A report by charity Full Fact and think-tank UK in a Changing Europe claimed the most immediate challenge for an incoming prime minister on the Union was that of independence.
Entitled "The Conservative Leadership Contest: A Guide to the Policy Landscape", the paper aims to provide information to help people make up their minds on the key issues.
First Minister Nicola Sturgeon is planning to hold another independence referendum on October 19 next year.
In a section written by Nicola McEwen, professor of territorial politics at Edinburgh University, the report suggests there would still be pressure on the UK Government to map out the future of the Union even if the Supreme Court rules referendum legislation is beyond the Scottish Parliament’s legal powers.
The report said: "The most immediate challenge facing the next prime minister will be how to engage with the Supreme Court reference and respond to its outcome. This is a legal process, but one that is loaded with political significance.
The court may conclude that the reference is premature and await a further reference from UK law officers once the proposed legislation has passed through Parliament. Or it may take up the request to determine in advance of the legislation where competence lies.
"Ultimately, the future of the Union will be determined by politics, not law. If there is no legal pathway to an independence referendum, Nicola Sturgeon declared that she would regard the next UK general election as a de-facto referendum.
"Such a scenario might suit the Conservatives in the short term, as the party most likely to benefit electorally from opposition to independence within Scotland.
"And so long as Scotland remains divided on independence, there is neither a legal nor a political imperative to respond to any claims of an SNP mandate.
"But such prolonged constitutional limbo could have a debilitating effect on politics and the Union in the longer term and do little to restore intergovernmental relationships already damaged by Brexit."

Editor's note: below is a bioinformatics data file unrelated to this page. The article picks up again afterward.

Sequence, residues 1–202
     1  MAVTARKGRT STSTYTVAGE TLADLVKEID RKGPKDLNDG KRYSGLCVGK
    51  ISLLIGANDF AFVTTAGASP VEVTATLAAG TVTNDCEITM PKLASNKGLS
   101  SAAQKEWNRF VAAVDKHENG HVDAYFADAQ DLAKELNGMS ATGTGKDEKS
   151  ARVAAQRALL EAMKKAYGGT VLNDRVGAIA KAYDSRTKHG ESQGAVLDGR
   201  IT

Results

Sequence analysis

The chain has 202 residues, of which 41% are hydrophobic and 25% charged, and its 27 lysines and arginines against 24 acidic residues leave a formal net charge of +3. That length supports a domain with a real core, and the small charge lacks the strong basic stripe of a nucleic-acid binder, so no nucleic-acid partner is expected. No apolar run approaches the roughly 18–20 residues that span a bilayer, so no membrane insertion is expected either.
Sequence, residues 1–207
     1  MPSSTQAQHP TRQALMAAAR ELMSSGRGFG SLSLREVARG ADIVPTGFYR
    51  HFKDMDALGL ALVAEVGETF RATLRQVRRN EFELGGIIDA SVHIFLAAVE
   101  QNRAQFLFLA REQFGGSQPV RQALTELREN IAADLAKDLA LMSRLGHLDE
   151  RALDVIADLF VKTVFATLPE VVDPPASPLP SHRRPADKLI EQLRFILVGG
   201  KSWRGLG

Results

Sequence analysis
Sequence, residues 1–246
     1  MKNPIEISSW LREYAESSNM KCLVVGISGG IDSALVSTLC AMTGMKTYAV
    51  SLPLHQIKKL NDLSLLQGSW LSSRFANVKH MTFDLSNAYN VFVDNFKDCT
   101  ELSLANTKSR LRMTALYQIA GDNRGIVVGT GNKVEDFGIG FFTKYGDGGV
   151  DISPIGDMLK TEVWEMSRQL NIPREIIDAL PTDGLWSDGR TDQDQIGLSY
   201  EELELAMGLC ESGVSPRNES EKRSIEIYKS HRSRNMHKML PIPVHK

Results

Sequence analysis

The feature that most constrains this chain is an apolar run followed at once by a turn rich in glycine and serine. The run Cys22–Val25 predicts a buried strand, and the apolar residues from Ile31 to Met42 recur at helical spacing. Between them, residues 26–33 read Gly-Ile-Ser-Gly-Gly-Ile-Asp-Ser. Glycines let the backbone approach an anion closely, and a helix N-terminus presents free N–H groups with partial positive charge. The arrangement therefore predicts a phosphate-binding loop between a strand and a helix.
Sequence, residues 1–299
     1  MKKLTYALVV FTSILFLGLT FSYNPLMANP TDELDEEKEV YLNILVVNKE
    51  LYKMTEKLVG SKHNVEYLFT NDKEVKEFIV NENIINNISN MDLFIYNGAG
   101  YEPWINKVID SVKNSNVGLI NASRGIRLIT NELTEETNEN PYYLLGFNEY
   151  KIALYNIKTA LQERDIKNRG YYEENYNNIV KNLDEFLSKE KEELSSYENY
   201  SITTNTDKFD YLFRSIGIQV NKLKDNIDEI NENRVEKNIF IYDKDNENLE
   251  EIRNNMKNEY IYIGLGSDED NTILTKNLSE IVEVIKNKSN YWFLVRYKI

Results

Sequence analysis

The report also criticised outgoing PM Boris Johnson’s so-called "muscular unionism”, which was aimed at strengthening the UK Government’s role and visibility in devolved territories.
Prof McEwen wrote: “Centred on policy areas that fall under the responsibility of the devolved institutions, this approach has prompted repeated accusations that devolution is being undermined.
"For example, the three devolved finance ministers combined forces to charge that new powers to spend directly in devolved areas, which the UK Government gifted to itself in the controversial United Kingdom Internal Market Act, threaten and reverse the devolution settlements.
“Together, these developments have led to a significant erosion in trust between the UK and devolved governments.”
The paper also criticised Mr Johnson’s impact on trust in politics, and advised leadership contenders Rishi Sunak and Liz Truss that whoever won would have to address the problem.
"One of the defining legacies of Boris Johnson’s premiership has been its bulldozing of political trust and erosion of citizens’ faith in democratic politics and politicians,” the paper said.
"Building trust at a time when real pay is falling and public services are struggling will be a severe test for the new prime minister.”